2022-09-23 Nix team meeting minutes #1


  • Decide the rough scope of the team
  • Decide how we want to organize the team
  • Plan for an official announcement (draft here, but it’s clearly worth improving)

Attendees: @regnat @roberth @fricklerhandwerk

  • @fricklerhandwerk what do we do today if @edolstra does not show up?
    (note: it later turned out @edolstra was on vacation and we simply didn’t know)
    • @regnat we can still discuss a few things
      • he read the proposal and agreed on principle about having the team
      • foundation board also approved
    • does @roberth have commit access?
      • @roberth no, but interested. maybe I’m not the right person.
      • @regnat people who are morally entitled to commit are a different set to those who technically can
        • @fricklerhandwerk should be one of the first points on the agenda to align these sets
      • we need an actual mandate to eventually merge things autonomously, otherwise none of this makes sense
        • @regnat this is what the proposal is about, @edolstra would have to sign it off so we can get to work
          • would have been better for him to be here of course
  • @regnat the legitimacy of the team depends on it being official, otherwise it will have no authority to pull through with decisions
  • (@tomberek joins)
  • @regnat did you want to join the team @roberth?
    • @roberth cannot commit too much time to it though, but very interested in making it successful

Announcement review

  • Role of the team
    • @fricklerhandwerk: Just “be responsible” is too vague. The role of the team is to enable things to be done, not to do everything
    • @tom “responsible” means both the accountability and the empowerement
      • We should have both (see also What are the values that you see being expressed in the NixOS project? - #8 by tomberek)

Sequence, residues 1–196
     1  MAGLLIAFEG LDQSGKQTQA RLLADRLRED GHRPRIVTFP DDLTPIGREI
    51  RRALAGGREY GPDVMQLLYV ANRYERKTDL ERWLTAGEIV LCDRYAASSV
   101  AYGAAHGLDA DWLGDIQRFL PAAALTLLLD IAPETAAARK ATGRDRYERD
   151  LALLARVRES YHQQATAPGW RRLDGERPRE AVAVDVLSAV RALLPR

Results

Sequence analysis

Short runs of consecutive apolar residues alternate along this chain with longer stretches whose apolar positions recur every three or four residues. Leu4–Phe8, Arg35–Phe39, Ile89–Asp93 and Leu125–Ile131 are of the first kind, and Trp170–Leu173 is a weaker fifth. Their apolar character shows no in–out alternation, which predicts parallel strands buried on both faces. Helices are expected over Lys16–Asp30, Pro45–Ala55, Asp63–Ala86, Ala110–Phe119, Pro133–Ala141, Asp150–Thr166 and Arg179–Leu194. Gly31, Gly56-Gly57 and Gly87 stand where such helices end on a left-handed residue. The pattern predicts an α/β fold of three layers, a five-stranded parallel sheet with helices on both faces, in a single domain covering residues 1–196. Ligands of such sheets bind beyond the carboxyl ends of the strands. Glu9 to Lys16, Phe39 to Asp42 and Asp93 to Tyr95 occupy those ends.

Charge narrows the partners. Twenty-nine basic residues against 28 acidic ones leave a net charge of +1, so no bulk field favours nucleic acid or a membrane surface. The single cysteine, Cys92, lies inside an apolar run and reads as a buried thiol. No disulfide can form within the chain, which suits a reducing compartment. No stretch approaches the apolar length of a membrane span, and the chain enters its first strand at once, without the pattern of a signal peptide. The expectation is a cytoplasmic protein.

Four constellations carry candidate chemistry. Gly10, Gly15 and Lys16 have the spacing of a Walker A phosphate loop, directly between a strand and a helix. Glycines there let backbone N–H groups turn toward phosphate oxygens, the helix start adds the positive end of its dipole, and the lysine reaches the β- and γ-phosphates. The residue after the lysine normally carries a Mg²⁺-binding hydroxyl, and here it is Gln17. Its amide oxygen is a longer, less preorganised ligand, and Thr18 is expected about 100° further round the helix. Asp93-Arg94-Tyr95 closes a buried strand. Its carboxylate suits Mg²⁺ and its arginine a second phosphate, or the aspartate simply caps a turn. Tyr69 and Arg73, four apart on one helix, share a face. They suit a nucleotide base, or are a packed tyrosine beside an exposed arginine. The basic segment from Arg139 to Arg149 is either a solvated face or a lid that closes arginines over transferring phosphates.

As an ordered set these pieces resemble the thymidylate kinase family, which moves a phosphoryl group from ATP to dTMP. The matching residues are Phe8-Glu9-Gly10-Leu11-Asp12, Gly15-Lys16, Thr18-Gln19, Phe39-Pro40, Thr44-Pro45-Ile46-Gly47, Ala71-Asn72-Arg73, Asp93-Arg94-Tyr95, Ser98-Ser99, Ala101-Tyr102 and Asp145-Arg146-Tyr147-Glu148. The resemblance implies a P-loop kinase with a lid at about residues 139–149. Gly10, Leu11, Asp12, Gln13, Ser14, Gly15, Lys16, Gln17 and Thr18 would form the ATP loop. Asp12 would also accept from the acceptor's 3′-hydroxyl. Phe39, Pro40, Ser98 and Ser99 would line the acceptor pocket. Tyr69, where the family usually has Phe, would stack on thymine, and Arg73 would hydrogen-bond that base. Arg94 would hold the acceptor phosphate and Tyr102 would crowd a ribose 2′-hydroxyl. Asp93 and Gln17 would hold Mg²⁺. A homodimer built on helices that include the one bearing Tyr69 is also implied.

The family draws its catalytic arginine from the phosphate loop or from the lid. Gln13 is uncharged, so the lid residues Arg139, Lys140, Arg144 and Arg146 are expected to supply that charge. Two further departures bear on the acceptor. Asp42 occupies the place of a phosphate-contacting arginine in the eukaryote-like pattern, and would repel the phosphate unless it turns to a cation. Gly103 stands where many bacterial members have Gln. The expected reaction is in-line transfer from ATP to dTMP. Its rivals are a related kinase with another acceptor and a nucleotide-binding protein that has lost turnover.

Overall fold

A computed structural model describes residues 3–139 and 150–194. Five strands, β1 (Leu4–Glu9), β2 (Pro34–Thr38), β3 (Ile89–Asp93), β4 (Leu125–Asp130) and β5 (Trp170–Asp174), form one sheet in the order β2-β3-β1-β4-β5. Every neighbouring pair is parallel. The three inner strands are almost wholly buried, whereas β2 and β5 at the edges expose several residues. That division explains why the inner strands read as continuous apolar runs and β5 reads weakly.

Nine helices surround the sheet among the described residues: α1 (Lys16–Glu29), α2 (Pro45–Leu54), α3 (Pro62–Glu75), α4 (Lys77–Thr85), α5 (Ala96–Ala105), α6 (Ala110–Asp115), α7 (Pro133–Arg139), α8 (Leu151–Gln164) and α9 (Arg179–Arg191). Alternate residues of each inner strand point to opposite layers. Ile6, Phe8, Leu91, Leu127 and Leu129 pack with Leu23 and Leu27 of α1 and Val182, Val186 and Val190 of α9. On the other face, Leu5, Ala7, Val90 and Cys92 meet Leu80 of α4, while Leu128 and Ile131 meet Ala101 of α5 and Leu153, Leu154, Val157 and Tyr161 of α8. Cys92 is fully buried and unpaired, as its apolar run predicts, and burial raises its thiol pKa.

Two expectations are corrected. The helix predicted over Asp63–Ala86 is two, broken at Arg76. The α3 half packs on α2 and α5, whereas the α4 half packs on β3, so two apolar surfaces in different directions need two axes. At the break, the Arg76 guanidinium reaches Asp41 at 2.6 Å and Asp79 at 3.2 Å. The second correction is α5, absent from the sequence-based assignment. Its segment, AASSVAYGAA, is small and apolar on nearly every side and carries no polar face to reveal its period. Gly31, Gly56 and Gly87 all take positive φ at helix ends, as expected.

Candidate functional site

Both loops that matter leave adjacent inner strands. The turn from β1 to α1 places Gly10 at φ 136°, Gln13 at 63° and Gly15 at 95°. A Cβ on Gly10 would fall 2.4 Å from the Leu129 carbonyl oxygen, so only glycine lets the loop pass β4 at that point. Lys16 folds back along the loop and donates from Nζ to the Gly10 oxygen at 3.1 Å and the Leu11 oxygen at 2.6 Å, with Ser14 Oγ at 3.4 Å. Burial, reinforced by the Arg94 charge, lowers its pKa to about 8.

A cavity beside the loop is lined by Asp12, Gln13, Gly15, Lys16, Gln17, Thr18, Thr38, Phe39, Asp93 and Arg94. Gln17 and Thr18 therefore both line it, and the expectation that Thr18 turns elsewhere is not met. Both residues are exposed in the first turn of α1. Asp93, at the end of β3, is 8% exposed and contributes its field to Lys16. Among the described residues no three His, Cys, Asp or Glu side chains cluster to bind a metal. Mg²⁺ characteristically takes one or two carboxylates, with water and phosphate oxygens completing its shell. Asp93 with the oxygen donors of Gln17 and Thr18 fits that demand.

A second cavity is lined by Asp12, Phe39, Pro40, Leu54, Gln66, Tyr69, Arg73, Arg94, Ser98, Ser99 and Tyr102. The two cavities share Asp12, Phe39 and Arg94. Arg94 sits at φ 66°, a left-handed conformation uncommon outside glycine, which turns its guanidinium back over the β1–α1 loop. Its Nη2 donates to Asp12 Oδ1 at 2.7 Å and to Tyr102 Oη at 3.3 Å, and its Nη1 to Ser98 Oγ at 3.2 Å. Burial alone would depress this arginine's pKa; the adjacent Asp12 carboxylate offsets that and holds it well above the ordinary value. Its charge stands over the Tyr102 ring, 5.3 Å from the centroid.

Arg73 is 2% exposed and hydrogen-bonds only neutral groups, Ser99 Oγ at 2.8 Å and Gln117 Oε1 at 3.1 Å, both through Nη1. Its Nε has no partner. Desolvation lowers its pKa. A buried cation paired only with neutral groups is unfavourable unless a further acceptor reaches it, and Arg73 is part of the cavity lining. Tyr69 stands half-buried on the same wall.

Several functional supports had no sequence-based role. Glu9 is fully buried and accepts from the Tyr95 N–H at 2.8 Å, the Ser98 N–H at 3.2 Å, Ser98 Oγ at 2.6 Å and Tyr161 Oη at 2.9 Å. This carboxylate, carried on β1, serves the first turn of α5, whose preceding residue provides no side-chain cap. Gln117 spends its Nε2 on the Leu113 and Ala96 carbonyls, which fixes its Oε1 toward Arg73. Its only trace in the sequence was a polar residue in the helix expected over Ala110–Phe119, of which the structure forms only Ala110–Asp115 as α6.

• don’t want to reinvent the wheel. is there an existing framework we could follow?
        • Linux kernel organization

        • Supported: Someone is actually paid to look after this.
          Maintained: Someone actually looks after it.
          Odd Fixes: It has a maintainer but they don’t have time to do much other than throw the odd patch in. See below…
          Orphan: No current maintainer [but maybe you could take the role as you write your new code].
          Obsolete: Old code. Something tagged obsolete generally means it has been replaced by a better system and you should be using that.

        • 3. Debian Developer's Duties — developers-reference 12.7 documentation.

        • something else we want to model this on?

        • @regnat this is relevant. @ron and me were pushing the foundation board to organize the teams according to some established standards

          • this team could be a testbed for that
          • not sure Linux is the right thing, interviews with Linux foundation have shown they may be too different for our needs
          • Haskell, Rust, Plone were mentioned
          • for all of them there is a broad framework outlining what teams can and should do, otherwise they are self-organized
      • @regnat another thing that came up in the board discussions is ownership
        • owners have the power over something do things with it, and at the same time are accountable
      • @fricklerhandwerk possible homework: go through Debian developer duties page
        • @regnat this kind of document we should create once the team is established
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